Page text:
Bandwagon, Vol. 1, No. 6 (Mar), 1942. Note: Only some articles are included in this online edition. Illustrations are not included.
Well do I remember when I was a boy and heard the magic rumble of the big red wagons, and saw the grand street parades, and the nomadic tented cities moved on to a vacant lot early in the morning. Then, performances afternoon and evening, and in the night moving to another town, repeating their gay routine day after day, during the tenting season. Showing in a different city was interesting to me.
My folks often took me to the circus, and when I saw the vast spreads of canvas, the crowds, the bands playing in the side show and big top, I thought what a grand life! Young as I was, I thought that some day I would travel with a circus, and as the years passed, I kept thinking that some day I would be with a show. So when I was 18 years of age, I joined the Sig Sautelles Circus (a wagon show), but that is another story.
During my career with circuses, with which I traveled for more than twenty years, there is one season that stands out in my memory more than any other, and that was the tenting season of 1917. In March of that year I placed an advertisement in the Billboard informing the show world that I would be at liberty for the tenting season of 1917. Among the replies I received was one with the letterhead reading: "R. T. Richards Supreme Show of the World, Great European Circus of Superb Novelties, Mighty Menagerie of Rare Wild Animals, Stupendous Spectacular Pageant, Immense New Museum of Strange Marvels, Gorgeous Free Street Parade, and Mammoth Imposing Horse Fair. New York offices - West 42th Street. The absolute perfection of all tented displays." So I signed contracts with the show to present the following in the side show: magic, Punch & Judy, ventriloquist act, and do the lecturing.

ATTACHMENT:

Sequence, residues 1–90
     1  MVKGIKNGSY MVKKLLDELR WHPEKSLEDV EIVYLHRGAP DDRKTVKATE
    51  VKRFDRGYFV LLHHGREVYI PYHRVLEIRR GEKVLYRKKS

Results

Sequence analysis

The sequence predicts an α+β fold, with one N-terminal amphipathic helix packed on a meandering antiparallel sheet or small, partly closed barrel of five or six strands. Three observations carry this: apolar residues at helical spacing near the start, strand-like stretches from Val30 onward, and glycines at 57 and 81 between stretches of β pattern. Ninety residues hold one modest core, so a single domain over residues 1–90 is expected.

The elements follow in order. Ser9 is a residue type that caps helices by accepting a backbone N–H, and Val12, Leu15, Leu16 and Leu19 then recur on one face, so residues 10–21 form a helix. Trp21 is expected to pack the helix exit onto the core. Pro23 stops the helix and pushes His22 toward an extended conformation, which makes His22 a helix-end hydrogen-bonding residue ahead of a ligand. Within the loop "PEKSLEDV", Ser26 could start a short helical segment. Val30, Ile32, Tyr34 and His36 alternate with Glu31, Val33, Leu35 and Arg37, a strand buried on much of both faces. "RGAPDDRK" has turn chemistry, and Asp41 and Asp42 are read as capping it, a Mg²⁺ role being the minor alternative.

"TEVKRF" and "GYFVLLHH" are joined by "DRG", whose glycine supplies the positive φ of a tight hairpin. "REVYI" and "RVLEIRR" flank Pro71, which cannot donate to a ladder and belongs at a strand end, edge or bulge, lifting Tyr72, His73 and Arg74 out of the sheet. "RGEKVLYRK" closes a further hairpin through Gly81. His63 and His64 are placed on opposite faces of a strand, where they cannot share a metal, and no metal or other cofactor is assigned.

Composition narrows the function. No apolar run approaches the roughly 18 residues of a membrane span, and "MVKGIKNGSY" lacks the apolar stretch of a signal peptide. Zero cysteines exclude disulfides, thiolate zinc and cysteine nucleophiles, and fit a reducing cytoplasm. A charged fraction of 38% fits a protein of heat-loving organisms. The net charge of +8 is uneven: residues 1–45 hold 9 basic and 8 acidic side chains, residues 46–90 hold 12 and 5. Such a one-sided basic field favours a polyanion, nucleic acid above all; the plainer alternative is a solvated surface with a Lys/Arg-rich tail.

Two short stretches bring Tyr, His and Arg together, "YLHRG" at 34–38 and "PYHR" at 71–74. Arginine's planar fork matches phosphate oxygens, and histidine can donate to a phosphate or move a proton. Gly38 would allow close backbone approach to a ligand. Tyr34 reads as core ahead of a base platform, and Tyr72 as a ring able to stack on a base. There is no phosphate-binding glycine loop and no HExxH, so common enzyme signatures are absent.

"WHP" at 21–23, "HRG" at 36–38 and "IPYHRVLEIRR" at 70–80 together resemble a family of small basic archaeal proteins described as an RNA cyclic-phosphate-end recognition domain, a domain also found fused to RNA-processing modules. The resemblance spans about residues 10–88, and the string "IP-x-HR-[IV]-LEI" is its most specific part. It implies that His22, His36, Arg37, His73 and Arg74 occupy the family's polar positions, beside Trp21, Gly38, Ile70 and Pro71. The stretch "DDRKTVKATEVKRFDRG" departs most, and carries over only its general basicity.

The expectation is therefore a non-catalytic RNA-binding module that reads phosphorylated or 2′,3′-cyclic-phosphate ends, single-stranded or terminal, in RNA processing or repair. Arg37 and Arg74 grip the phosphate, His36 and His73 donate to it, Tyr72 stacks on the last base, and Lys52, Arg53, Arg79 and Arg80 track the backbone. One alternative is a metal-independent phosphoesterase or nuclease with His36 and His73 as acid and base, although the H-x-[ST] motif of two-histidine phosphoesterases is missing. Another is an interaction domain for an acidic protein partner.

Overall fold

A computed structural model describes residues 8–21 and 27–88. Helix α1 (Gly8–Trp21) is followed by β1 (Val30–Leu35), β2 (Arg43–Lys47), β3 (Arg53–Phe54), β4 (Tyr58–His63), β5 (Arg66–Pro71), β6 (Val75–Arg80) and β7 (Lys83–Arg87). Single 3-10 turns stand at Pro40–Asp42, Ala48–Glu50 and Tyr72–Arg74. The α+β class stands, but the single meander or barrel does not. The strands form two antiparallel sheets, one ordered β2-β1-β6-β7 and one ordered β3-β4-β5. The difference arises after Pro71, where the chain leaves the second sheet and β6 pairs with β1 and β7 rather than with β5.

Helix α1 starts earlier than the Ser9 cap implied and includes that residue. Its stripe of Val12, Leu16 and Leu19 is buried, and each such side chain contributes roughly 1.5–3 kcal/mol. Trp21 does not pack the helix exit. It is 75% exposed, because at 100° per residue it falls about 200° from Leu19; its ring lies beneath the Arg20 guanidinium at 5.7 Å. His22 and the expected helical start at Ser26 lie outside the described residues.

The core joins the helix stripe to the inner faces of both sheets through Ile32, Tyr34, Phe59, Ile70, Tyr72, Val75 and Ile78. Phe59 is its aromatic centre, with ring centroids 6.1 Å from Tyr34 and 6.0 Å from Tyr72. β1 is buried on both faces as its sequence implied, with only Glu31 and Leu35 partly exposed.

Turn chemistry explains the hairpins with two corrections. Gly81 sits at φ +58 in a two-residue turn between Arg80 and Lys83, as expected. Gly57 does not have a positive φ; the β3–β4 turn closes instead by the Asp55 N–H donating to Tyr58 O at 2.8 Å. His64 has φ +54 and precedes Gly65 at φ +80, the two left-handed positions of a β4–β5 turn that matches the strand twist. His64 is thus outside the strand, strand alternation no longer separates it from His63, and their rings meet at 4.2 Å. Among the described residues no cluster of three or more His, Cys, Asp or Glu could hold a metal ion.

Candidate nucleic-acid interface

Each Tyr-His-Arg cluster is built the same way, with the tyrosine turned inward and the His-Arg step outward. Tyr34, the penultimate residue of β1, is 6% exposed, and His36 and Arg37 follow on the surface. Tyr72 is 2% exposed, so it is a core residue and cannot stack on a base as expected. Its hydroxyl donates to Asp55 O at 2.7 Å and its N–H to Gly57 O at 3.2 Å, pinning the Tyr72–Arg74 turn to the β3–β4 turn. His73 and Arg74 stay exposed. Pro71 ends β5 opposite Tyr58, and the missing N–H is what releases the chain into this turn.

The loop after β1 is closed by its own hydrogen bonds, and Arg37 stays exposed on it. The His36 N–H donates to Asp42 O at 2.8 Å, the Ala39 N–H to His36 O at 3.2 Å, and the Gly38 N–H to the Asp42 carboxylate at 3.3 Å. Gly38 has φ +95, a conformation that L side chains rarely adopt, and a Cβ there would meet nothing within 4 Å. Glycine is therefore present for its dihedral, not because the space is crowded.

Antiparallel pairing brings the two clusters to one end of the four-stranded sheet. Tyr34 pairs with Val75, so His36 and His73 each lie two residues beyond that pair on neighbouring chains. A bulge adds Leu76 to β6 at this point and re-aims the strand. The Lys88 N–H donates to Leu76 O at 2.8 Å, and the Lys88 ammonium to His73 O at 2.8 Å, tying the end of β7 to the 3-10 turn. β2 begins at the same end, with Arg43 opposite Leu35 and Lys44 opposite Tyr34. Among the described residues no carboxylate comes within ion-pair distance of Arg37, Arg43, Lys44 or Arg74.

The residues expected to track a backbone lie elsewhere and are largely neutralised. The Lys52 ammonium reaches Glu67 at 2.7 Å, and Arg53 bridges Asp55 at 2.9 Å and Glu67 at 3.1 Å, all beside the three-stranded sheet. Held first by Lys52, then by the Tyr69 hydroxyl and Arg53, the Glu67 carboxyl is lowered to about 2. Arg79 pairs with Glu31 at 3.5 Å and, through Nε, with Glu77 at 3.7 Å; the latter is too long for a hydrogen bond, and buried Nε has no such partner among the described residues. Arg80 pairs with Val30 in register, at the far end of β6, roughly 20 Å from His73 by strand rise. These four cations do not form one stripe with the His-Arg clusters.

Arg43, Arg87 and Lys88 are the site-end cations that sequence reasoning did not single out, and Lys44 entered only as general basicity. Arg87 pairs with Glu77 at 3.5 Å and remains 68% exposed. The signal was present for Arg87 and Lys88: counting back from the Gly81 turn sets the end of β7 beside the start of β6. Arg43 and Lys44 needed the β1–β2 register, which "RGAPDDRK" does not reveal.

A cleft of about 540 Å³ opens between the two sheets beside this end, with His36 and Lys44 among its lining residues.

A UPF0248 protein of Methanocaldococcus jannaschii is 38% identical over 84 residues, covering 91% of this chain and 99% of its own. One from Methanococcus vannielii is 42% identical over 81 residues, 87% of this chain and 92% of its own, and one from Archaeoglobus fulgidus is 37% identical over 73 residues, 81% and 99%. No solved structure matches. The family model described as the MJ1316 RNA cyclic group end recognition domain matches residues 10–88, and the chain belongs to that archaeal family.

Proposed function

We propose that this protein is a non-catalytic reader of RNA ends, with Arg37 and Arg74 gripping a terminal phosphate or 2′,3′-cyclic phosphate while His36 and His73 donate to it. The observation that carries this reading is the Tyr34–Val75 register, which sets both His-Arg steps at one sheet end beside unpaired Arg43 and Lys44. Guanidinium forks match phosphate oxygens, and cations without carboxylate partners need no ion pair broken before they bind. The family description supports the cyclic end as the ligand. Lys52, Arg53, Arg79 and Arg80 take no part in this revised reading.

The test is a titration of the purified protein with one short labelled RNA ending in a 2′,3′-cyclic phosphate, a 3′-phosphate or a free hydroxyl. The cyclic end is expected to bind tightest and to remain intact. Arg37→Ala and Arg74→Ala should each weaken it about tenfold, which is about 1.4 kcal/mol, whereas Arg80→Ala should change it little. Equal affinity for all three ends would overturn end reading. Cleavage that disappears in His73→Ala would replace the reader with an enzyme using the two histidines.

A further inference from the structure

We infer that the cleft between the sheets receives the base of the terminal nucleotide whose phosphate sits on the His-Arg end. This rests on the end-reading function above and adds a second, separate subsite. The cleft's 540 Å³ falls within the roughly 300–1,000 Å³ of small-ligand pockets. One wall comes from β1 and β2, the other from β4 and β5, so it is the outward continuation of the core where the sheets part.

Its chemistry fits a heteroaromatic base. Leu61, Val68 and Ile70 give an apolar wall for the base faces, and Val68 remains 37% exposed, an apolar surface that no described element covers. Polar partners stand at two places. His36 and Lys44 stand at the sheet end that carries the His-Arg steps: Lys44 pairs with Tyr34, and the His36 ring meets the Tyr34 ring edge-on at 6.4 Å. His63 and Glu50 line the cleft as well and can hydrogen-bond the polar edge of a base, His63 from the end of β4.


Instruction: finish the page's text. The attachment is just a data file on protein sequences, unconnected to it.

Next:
R. T. Richards was Richard T. Ringling, his name reversed so as not to conflict with the Ringling Brothers Circus, which was operated separate from the Barnum and Bailey show at that time. Richard's father was Alf T. Ringling of the Ringling show and had a vast estate at Oak Ridge, N. J. I never saw it myself, but I was told that he had spent more than a million dollars on the estate. It had a beautiful stone mansion, and artificial lake, stone gate houses and arched horse shoe gates built of native stone. It was on this great estate that the R. T. Richards Circus was built, and was the winter quarters of the show.